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NCJRS Abstract

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NCJ Number: 119152 Find in a Library
Title: Assessment of Juvenile Psychopathology for Legal Purposes (From Juvenile Psychiatry and the Law, P 183-197, 1989, Richard Rosner and Harold I Schwartz, eds. -- See NCJ-119142)
Author(s): R Rosner
Date Published: 1989
Page Count: 15
Sponsoring Agency: Plenum Press
New York, NY 10013
Sale Source: Plenum Press
233 Spring Street
New York, NY 10013
United States of America
Type: Training (Aid/Material)
Language: English
Country: United States of America
Annotation: General and forensic psychiatrists who are asked to evaluate children and adolescents should obtain the background information and technical skills that were not included in their basic residency training and to be aware of the limit of any program of systematic self-education so that they can tell if they are not equipped to do a competent juvenile psychiatric evaluation.
Abstract: They should also recognize that the assessment of juvenile psychopathology for legal purposes differs from such assessment for clinical purposes, because medical goals are therapeutic and legal goals are not. Thus, examining psychiatrists in forensic situations may owe their main ethical loyalty to the court, to one of the attorneys, to one of the parents, to a social service agency or private institution, to the probation department, or to others that do not have the well-being of juveniles as their concern in a legal proceeding. The ethical forensic psychiatrist must tell the juvenile who has retained the psychiatrist, who will receive the results, and that the usual protections for patients do not apply. The psychiatrist may also need more than one source of information about the child or adolescent. Communication may be difficult, and a structured approach is usually the most effective. A teenager who does not want to speak may be more communicative in the company of the person complaining about the youth. The interview should aim to produce a range of functional assessments. In addition, the assessments should be based on a developmental perspective. Three case descriptions and 44 suggested readings.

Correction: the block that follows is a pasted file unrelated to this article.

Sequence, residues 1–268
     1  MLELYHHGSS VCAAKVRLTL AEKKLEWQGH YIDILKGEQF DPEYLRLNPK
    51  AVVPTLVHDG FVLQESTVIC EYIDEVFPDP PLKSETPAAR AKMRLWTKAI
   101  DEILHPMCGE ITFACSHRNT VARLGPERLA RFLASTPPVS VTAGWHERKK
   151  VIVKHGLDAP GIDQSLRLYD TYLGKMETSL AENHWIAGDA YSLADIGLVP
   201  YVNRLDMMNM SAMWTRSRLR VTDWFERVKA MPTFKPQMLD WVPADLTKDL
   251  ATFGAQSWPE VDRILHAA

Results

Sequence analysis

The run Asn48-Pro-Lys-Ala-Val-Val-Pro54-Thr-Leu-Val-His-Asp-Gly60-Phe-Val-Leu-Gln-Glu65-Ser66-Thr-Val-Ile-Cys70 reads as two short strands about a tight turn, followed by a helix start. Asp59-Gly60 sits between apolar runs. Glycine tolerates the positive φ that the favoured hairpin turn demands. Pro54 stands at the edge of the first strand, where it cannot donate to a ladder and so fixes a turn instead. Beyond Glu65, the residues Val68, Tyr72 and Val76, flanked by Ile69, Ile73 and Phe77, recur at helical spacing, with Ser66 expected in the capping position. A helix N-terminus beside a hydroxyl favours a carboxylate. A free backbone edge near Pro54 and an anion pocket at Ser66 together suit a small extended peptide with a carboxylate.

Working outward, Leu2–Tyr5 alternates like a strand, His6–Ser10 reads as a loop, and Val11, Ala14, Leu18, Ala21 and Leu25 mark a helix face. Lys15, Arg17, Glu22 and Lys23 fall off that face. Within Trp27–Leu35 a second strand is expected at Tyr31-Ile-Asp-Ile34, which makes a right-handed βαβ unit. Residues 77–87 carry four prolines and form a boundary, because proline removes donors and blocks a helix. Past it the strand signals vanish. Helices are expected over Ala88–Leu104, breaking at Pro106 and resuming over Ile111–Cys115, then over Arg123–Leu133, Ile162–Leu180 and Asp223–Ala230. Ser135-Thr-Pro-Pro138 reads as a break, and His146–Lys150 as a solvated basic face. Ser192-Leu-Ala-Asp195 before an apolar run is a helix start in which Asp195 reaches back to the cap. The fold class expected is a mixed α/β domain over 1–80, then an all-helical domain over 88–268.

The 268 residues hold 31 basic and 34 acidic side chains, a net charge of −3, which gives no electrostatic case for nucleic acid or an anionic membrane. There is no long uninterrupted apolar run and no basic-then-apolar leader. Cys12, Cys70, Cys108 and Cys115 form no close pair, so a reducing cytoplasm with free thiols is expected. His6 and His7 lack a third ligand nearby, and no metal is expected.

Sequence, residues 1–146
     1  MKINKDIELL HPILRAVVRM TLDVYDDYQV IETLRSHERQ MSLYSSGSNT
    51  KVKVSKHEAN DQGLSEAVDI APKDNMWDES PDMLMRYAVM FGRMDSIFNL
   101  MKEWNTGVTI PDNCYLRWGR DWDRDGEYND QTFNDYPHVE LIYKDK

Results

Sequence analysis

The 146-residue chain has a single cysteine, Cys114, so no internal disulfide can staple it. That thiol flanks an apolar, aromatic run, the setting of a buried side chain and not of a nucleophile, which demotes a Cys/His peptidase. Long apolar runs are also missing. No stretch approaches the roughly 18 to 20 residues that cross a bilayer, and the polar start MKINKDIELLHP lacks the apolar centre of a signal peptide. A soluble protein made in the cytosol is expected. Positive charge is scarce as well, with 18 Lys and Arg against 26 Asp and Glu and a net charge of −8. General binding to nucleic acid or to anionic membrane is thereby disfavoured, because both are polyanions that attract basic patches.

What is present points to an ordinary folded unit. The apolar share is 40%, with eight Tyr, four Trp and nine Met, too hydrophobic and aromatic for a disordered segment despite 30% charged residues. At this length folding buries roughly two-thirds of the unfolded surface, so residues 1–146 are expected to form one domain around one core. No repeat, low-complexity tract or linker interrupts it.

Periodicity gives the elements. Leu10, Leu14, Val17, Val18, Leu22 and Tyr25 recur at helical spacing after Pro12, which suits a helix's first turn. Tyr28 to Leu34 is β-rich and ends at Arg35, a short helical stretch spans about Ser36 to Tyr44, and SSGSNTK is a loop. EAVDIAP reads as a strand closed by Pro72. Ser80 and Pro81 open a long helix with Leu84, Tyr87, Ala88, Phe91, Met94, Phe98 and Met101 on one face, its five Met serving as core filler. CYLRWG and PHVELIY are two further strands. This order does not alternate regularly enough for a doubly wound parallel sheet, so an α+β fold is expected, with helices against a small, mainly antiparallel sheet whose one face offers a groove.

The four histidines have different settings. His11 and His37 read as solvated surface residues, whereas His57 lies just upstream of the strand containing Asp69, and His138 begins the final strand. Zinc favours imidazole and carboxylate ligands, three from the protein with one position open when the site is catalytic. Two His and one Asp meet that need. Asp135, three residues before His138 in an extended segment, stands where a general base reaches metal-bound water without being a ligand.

Main Term(s): Psychological evaluation
Index Term(s): Child development; Forensic psychiatry; Juvenile mental health services; Personal interviews; Youth development
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